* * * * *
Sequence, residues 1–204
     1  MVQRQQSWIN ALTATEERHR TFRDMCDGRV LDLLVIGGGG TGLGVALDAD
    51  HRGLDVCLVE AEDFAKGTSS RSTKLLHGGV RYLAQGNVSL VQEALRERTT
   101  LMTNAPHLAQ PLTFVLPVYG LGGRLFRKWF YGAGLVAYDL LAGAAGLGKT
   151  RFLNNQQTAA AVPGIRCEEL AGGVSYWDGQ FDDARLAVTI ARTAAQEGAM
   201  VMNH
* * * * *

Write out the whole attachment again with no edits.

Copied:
Sequence, residues 1–204
     1  MVQRQQSWIN ALTATEERHR TFRDMCDGRV LDLLVIGGGG TGLGVALDAD
    51  HRGLDVCLVE AEDFAKGTSS RSTKLLHGGV RYLAQGNVSL VQEALRERTT
   101  LMTNAPHLAQ PLTFVLPVYG LGGRLFRKWF YGAGLVAYDL LAGAAGLGKT
   151  RFLNNQQTAA AVPGIRCEEL AGGVSYWDGQ FDDARLAVTI ARTAAQEGAM
   201  VMNH